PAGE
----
Drainpipes carry water out of the house. Waste pipes are those drain pipes that carry sewage from toilets. Vent pipes supply air to the pipes to keep things running smoothly.
A house has at least one main stack, a vertical pipe that runs from above the roof down to the main sewer line. The house’s various toilets, faucets, tubs, and appliances have horizontal pipes that run into the main stack. Horizontal pipes must be sloped so water cannot settle in them.
Venting is a sometimes complicated matter, but the principle is straightforward: Like that little air hole in a gas can, a vent pipe allows air to come behind the drain water so it flows smoothly. Without venting, drain water can gurgle, much like water coming out of an upturned thin-necked bottle. Local and national codes have very specific requirements for vent pipes.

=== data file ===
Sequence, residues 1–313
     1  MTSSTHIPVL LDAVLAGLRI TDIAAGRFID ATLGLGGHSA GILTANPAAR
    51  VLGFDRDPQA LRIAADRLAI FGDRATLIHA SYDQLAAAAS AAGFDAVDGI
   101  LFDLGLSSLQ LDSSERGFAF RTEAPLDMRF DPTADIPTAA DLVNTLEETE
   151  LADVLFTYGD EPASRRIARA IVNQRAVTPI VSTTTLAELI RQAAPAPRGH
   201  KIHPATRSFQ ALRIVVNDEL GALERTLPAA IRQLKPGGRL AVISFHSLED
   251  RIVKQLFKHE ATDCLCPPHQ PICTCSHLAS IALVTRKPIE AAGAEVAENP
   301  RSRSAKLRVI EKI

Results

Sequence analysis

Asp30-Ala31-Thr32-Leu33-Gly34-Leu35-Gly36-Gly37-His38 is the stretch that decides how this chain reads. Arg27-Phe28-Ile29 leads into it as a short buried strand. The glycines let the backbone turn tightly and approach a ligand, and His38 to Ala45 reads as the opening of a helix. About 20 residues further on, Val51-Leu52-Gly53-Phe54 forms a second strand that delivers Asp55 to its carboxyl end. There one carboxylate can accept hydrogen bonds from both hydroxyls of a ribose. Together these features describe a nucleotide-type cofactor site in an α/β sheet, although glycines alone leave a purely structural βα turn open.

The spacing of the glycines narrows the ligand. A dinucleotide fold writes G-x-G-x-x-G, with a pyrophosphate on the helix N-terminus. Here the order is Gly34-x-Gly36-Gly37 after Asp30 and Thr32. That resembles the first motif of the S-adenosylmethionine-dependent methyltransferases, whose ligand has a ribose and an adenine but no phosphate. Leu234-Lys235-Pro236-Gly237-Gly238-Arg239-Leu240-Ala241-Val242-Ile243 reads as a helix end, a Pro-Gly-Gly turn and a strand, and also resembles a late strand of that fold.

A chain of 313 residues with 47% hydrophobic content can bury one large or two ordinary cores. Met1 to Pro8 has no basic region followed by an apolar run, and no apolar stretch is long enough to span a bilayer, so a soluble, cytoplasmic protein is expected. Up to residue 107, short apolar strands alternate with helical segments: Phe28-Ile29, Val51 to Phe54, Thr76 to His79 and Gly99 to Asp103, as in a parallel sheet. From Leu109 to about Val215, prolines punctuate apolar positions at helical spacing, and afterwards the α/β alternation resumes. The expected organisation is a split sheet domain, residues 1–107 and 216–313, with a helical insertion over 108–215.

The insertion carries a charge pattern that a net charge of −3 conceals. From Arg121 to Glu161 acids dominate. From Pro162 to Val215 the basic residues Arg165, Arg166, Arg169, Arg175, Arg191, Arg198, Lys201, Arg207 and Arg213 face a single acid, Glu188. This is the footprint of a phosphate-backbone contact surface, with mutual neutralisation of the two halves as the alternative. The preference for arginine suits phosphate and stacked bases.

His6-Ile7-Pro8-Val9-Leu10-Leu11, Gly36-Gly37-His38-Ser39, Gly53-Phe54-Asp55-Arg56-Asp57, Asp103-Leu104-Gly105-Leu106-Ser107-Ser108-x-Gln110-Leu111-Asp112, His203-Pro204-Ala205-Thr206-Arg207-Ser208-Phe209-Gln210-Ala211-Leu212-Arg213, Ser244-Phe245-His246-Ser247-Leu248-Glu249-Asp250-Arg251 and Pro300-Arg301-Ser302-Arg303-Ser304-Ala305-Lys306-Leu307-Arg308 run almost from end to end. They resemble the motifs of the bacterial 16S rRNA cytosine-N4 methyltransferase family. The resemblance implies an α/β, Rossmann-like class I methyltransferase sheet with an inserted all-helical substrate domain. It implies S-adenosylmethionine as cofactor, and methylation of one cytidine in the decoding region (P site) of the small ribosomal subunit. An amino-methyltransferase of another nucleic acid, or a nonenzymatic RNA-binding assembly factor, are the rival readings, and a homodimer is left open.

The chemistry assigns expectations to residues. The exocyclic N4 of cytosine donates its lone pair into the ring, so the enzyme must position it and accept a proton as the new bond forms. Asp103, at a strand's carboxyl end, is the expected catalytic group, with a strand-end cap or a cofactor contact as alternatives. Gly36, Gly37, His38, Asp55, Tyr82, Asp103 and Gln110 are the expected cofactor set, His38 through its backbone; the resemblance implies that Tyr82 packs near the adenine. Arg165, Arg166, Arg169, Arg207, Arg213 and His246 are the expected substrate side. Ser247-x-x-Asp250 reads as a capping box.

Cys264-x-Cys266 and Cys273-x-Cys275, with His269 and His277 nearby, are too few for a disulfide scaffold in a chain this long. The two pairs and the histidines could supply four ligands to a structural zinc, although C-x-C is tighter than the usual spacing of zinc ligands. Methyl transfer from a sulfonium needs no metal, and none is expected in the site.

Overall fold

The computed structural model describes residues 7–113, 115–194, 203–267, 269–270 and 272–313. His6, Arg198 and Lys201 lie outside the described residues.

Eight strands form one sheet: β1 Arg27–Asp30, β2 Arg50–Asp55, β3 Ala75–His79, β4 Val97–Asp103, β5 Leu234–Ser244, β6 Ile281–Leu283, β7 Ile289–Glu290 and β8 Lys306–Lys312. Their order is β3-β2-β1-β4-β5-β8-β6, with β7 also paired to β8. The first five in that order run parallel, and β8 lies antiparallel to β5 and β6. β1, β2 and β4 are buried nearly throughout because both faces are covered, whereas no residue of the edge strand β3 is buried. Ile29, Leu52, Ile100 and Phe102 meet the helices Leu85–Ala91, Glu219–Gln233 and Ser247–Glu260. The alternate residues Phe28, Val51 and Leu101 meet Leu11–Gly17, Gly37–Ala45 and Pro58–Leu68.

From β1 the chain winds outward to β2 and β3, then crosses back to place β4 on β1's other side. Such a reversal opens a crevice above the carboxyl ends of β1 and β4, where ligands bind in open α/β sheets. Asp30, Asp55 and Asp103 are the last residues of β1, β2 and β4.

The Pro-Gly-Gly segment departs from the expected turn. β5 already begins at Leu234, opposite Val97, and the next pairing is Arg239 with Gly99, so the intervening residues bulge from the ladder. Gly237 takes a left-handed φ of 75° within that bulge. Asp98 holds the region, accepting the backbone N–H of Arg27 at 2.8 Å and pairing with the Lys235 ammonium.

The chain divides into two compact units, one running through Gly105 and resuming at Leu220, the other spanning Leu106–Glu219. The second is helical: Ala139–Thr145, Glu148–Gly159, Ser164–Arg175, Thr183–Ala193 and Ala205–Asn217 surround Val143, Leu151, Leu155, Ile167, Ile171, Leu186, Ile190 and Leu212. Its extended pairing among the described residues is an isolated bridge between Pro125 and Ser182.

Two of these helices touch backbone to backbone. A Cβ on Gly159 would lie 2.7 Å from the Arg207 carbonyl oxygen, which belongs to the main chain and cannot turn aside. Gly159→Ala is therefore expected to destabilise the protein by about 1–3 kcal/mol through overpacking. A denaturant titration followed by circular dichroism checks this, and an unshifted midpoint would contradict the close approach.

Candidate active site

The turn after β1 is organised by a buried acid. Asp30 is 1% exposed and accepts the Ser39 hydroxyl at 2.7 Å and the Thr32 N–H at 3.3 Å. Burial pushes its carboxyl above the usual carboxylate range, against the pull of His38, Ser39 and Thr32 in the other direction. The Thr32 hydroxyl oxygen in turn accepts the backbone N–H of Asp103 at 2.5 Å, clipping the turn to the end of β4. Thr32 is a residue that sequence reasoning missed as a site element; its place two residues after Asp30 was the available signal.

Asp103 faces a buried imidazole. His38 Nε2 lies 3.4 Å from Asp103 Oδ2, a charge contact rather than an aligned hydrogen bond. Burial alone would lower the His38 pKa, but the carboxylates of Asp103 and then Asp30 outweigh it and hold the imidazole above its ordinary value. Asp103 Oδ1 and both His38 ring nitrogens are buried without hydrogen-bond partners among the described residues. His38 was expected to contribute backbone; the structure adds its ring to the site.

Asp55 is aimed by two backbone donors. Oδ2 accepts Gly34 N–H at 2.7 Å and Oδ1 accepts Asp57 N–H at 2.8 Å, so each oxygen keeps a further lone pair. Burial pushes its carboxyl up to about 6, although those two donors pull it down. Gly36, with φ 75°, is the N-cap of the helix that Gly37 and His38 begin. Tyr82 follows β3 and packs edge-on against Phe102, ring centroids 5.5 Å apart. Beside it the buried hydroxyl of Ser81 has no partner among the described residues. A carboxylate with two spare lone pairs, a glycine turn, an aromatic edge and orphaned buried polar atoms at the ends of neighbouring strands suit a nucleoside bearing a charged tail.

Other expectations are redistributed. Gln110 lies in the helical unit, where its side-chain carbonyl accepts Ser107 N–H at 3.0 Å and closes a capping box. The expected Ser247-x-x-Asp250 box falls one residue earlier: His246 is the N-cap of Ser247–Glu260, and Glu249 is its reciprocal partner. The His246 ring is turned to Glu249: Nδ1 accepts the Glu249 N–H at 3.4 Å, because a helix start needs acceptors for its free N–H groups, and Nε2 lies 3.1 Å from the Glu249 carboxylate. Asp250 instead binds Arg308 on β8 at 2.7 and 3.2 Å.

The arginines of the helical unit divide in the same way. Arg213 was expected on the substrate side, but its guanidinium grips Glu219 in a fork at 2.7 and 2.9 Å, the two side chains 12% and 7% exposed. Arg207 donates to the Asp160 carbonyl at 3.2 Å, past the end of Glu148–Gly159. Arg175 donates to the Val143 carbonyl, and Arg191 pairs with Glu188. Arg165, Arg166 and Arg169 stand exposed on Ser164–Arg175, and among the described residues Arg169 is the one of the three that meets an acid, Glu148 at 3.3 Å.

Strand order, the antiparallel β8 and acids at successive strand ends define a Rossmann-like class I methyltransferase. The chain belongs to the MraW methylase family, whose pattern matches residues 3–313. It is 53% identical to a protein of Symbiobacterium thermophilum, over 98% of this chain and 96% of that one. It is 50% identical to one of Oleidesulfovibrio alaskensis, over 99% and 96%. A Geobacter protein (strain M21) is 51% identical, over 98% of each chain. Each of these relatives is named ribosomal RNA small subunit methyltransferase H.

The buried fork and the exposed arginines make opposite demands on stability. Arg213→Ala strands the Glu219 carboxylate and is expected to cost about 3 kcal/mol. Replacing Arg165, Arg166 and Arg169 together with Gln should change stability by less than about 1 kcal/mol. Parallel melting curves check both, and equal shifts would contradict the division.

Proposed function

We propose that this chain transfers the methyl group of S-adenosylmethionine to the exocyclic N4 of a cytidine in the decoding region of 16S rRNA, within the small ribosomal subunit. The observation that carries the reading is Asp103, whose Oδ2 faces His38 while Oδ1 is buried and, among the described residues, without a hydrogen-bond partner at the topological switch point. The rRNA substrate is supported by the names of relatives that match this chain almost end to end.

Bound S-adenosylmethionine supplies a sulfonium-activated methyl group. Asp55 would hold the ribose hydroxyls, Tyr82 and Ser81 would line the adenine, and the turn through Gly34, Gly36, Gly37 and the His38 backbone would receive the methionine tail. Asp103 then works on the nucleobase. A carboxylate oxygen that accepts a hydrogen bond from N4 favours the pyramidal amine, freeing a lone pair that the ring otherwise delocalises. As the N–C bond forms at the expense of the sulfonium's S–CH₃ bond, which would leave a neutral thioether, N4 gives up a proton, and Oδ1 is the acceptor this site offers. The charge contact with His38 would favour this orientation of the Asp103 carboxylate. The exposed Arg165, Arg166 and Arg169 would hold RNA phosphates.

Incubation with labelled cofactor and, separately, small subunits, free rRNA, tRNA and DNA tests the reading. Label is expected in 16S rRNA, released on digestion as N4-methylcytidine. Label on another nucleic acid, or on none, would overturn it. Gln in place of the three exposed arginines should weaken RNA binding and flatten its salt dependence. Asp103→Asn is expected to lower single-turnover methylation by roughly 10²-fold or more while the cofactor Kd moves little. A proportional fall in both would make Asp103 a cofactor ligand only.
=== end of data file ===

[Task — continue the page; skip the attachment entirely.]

Each fixture has a trap, which is usually shaped like a sideways P and so is called a P trap. The curved portion of the trap holds water in such a way that noxious gases cannot back up into the house. A toilet has a built-in trap. For more about DWV systems, see Drain-Waste-Vent Plumbing Systems.
How a Sanitary Tee Works
A sanitary tee directs traffic in your home’s drain-waste-vent plumbing system to make sure wastes go down to the sewer and gases go out the vent stack.
Like other types of T fittings, it connects two pipes for a main run and one at 90 degrees for a branch run. A little different than a standard tee, it’s designed so waste will flow through it smoothly—the branch run curves toward the perpendicular main run (a similar tee with a long, sweeping curve is called a combination tee).
The main run must be vertical. The branch curves downward toward a drain. In some cases, a sanitary tee is used in place of a vent tee for plumbing vent lines—then, the branch sweeps upward instead. Sanitary tees are made for all types of drain-waste-vent pipe systems, whether cast iron, threaded, copper, or ABS plastic.